The book begins with a beached whale. Hungry villagers wait with knives, axes and saws ready on the gray and freezing shore, unwilling to hurry the majestic creature’s death. A slow leak of blood stains the water until the whale stops breathing. Then the ugly work of hacking up blubber, carting away the liver and heart, and rendering oil begins. Into this scene enters a man most astonishing, birthed into the ocean from a slit in the whale’s belly. His flesh — so white that neither lips nor nipples are detectable — reeks of sour and decayed fish. It takes nearly an hour (and a stomach-pumping that produces seven small fish) before anyone on the shore believes the man, Judah, is actually alive.
The coexistence of the earthy urge of survival with the supernatural sea colors this book and speaks to the mysteries of all half-submerged communities. Shorelines — with their potential to be both wet and dry, calm and terrifying — are the very essence of so much contemporary writing, Crummey’s included, that allows the fantastic to exist alongside the prosaic.
The book starts and ends with St. Mark’s Feast Day, as if only one year has transpired in its pages. In truth, generations come and go. The characters bleed into one another. It’s easy and intentional that we mistake Mary Tryphena for her grandmother, Devine’s Widow, and Levi Sellars for King-Me. Crummey provides a family tree as a map but then draws so many parallels between characters who are separated by 40 or 50 years that a reader is convinced things change to stay the same — or “Now the once,” as they say in “Galore.”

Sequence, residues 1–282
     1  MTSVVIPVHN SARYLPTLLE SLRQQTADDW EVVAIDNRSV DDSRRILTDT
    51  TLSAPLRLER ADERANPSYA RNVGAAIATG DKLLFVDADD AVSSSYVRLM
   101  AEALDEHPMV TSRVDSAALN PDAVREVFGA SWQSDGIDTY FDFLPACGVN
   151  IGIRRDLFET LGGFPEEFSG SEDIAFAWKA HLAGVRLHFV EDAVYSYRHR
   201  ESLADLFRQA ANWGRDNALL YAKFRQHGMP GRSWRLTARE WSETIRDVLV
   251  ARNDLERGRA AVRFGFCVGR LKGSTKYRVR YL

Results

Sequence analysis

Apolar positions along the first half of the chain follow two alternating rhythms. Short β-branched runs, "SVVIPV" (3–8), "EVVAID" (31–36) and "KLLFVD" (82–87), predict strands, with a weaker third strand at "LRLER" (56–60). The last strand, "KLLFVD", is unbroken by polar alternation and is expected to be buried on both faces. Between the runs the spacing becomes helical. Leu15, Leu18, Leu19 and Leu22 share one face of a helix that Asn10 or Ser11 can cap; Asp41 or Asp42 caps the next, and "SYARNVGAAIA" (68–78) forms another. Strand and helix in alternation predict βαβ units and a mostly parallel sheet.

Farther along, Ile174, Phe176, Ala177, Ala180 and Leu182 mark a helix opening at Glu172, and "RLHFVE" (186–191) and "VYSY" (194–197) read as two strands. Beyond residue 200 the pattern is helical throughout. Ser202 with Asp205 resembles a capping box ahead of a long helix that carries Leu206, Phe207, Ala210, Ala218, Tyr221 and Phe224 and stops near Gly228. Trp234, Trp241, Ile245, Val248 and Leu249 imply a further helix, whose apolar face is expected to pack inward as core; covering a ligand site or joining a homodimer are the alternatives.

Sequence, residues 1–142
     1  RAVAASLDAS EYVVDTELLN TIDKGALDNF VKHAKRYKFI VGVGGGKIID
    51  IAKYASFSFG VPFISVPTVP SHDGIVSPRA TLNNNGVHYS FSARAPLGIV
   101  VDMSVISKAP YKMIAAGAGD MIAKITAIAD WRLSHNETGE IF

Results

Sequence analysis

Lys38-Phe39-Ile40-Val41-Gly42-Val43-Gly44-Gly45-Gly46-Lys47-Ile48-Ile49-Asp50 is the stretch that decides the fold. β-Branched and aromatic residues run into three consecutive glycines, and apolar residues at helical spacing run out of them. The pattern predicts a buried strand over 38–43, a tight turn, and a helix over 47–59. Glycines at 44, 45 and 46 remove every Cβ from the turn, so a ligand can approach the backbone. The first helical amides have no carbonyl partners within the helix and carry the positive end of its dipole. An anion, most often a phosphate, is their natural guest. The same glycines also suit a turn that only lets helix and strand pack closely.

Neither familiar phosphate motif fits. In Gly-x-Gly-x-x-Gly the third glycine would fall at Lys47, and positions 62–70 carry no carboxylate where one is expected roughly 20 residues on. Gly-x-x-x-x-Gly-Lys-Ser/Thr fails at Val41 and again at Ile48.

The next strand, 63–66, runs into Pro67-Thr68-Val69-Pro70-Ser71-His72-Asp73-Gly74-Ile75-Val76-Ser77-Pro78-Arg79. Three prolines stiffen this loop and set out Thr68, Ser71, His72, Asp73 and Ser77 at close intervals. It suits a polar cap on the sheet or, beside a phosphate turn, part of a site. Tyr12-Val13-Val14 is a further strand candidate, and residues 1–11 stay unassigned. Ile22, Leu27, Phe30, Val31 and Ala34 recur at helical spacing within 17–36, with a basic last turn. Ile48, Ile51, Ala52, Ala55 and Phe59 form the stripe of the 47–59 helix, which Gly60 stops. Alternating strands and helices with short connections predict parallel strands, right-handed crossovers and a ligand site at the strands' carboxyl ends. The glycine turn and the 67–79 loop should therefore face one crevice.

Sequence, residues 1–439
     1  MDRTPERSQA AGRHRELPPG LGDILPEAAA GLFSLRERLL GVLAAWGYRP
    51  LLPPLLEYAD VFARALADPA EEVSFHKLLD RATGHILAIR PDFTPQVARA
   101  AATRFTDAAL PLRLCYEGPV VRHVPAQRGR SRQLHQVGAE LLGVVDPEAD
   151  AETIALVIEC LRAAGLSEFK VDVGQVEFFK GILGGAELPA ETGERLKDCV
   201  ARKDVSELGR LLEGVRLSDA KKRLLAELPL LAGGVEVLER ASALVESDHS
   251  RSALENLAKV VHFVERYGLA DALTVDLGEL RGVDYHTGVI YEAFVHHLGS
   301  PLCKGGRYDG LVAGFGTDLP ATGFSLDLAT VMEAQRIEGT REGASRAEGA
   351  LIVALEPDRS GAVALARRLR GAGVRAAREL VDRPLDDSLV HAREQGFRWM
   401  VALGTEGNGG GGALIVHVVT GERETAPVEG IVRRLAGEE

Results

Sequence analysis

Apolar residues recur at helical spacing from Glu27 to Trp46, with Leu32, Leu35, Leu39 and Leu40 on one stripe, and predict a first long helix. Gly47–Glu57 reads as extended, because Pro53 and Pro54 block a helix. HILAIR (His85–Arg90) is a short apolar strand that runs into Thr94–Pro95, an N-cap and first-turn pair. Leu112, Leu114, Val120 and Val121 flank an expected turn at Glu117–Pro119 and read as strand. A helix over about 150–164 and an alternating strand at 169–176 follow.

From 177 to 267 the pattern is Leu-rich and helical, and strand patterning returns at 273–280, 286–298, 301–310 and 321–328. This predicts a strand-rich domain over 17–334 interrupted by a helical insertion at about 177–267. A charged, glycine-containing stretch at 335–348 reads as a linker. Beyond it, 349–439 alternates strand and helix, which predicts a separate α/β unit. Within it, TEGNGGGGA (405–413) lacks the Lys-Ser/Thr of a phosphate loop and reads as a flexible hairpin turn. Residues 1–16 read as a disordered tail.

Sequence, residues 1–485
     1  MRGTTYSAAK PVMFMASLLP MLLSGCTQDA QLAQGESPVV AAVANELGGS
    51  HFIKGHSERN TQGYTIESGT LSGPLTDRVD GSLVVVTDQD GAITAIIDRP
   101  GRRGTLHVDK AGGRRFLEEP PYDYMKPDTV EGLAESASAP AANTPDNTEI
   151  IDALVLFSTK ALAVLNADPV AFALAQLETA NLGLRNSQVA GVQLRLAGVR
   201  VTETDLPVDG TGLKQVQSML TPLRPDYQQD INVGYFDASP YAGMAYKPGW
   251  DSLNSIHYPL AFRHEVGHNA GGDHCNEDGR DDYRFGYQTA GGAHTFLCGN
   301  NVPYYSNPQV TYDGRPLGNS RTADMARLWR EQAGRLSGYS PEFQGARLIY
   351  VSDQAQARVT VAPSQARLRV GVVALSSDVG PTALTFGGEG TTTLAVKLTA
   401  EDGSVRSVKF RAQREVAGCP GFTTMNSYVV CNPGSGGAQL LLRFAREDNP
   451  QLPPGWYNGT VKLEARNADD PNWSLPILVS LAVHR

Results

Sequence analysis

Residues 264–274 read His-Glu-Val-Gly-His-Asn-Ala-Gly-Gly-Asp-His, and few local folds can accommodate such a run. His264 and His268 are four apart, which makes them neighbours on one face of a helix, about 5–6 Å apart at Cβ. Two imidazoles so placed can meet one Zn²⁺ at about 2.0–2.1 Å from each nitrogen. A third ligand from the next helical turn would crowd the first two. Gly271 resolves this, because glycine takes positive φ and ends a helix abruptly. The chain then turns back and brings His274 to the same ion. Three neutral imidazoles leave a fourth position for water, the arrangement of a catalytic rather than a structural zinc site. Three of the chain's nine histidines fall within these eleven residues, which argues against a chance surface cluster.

The divides and infighting here run deep: Catholic vs. Protestant, those without means vs. those with too many, midwife matriarchs vs. merchant patriarchs. Small towns specialize in gossip, and Paradise Deep is no exception. But one yearly tradition cuts through these winding vines of inbred arabesques, stony embarrassed silences and lies: From Christmas to Epiphany, bands of costumed mummers — familiar yet unrecognizable — roam through the town, knocking on doors, demanding drink while revealing secret loves and hates, meting out gruesome punishments, trying to shine a light where, most often, no light shines. The mummers, though they are simply townspeople in disguise, take on the stench of the supernatural, a reminder that the town sees and hears all.
“Galore” is an interesting title, suggesting, as it does, abundance. While the frigid ocean in this book, with Judah functioning as rabbit foot, does spring a wealth of fish, it nearly as often denies fishermen a living. Indeed, most of the abundances in “Galore” are of hardship, misery and misfortune. The choice of that title seems to have more to do with the fact that it contains the word “lore.” Over and again, this novel reminds us of the boggy land that exists between history and myth. Beginning back when mermaids and ghosts walked among the people of Paradise Deep, the book ends with a soldier’s return home to Newfoundland from the battlefields of World War I. Over time, magic is replaced by entities a bit more recognizable, such as labor unions, and one is left to guess how long it will take for the ocean, the windand the imagination to wear down the stories of doughboys hunkered in foxholes into something more like myth than reality.
Hunt has written two novels, “The Seas” and “The Invention of Everything Else.”